Learn to think positively

Learning to think positively

Can you learn positive thinking?

Would you like to think more positively? Well, here’s some good news. Science suggests that positive thinking is indeed a learnable skill. But how do you learn it? What techniques and exercises are most likely to help you boost your positive thinking skills?

Here we’ll explore techniques and strategies for positive thinking which can provide the needed resources for cultivating this important skill.

3 techniques for positive thinking

When evaluating your own positive thinking skills, it’s helpful to explore different types of  positive thinking. So take a moment to explore the following positive thinking techniques and strategies.

1. Think positively about the past

When we think positively about the past, we may reminisce on the good things that have happened. We might bring those positive memories to mind, reflect on what we learned, or feel grateful for the good stuff. 

Here are examples of past-focused positive thoughts that put a positive spin on the past while still acknowledging the difficult situation:

  • “I did the best I could.”
  • “That job interview went badly, but at least I learned what to do differently next time.”
  • “I know my childhood wasn’t perfect, but my parents did the best they could.”

These past-focused positive thinking strategies can help us feel better in the present moment even if the present moment is challenging.

2. Think positively about the present

When we think positively about the present moment, we might pay attention to what’s going well (rather than what’s not going so well), or we might try to shift our perspective on our present circumstances by reframing the situation or looking for silver linings.

Here are some examples of present-focused positive thoughts:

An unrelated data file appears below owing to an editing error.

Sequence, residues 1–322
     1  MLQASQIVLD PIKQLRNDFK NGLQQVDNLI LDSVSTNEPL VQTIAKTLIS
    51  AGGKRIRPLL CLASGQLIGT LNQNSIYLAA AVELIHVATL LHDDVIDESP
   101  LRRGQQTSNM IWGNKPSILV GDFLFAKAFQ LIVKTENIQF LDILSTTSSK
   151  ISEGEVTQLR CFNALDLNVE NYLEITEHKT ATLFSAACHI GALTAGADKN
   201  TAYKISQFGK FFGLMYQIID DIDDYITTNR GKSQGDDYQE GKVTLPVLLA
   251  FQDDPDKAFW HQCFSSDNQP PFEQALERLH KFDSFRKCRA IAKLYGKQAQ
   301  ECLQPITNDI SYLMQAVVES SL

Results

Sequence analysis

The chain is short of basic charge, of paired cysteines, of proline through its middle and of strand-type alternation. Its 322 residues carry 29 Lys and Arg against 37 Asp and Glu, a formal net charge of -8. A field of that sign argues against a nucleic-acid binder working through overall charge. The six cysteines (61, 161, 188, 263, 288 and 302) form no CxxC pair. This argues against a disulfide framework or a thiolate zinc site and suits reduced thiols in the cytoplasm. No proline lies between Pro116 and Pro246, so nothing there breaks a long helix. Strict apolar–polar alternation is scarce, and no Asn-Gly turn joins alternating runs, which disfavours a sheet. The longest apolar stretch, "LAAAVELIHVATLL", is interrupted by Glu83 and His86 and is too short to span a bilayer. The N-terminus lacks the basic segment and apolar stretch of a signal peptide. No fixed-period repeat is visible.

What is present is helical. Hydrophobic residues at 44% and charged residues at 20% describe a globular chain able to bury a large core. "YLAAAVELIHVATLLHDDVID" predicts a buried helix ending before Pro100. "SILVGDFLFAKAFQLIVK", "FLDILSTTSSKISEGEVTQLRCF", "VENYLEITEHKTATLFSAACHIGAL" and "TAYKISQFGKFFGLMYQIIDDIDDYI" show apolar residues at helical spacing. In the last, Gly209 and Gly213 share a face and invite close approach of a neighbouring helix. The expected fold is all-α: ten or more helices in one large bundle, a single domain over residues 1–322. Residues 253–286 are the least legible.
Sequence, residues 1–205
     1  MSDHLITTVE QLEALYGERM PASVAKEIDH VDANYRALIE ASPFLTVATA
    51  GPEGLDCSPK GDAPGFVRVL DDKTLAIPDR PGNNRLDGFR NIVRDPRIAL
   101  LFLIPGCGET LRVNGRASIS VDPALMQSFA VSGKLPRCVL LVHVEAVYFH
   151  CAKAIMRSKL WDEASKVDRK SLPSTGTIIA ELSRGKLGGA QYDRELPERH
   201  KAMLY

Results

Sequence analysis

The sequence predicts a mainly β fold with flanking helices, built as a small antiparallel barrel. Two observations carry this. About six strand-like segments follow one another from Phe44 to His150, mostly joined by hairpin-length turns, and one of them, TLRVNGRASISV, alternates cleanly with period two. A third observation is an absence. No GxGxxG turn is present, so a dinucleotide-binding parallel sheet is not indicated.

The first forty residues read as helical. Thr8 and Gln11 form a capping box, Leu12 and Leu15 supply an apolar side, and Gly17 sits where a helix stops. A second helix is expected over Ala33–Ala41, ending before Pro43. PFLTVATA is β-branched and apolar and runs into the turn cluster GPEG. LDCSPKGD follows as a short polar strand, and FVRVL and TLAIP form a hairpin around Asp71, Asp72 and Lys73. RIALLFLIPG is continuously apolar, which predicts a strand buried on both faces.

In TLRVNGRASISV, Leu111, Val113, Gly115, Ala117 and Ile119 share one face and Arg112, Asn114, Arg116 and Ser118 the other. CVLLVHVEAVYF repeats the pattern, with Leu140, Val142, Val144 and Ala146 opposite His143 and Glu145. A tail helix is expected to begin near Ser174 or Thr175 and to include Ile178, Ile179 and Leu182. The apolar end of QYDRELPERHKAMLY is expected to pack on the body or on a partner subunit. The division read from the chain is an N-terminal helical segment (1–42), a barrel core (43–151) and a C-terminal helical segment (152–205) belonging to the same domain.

• “I’m so lucky to have my friend Jane who really cares about me.”
  • “That breakfast was so tasty and beautiful, and I enjoyed it immensely.”
  • “Even though I may make mistakes, I always try my best.”

By using these present-focused positive thinking strategies, we give ourselves more control over how we feel even in challenging situations.

3. Think positively about the future

When we think positive thoughts about the future, we try to stay optimistic. We hold more positive expectations about the future or focus on the good things to come rather than the bad. 

Here are some examples of future-focused positive thoughts:

  • “It’s all going to turn out fine.”
  • “I can’t wait to go to that event next week.”
  • “I will continue to work toward my goals, so I know that my future is going to be great.”

Future-focused positive thinking can not only help us feel better in the moment, but it can also lead to better outcomes.

Attempting to improve our skills for each of these three types of positive thinking strategies can help us build this skill and improve our wellbeing.

Try this exercise:

Three Good Things

Research suggests that thinking of and listing three good things each day can contribute to increased happiness in the short term and longer term.

Even better, this exercise is simple to do. Just spend a few minutes each evening reflecting on the day until you think of three good things. They can be a simple as enjoying a delicious dinner or sitting in the warm sun.

Try this exercise:

Best Possible Future

One study showed that imagining and writing about your best possible future increases positive emotions. This exercise can help train your brain to be more optimistic.

Set aside 15 minutes to write about what your best potential future could look like. Try not to focus on what could go wrong, and just think about what could go right. 

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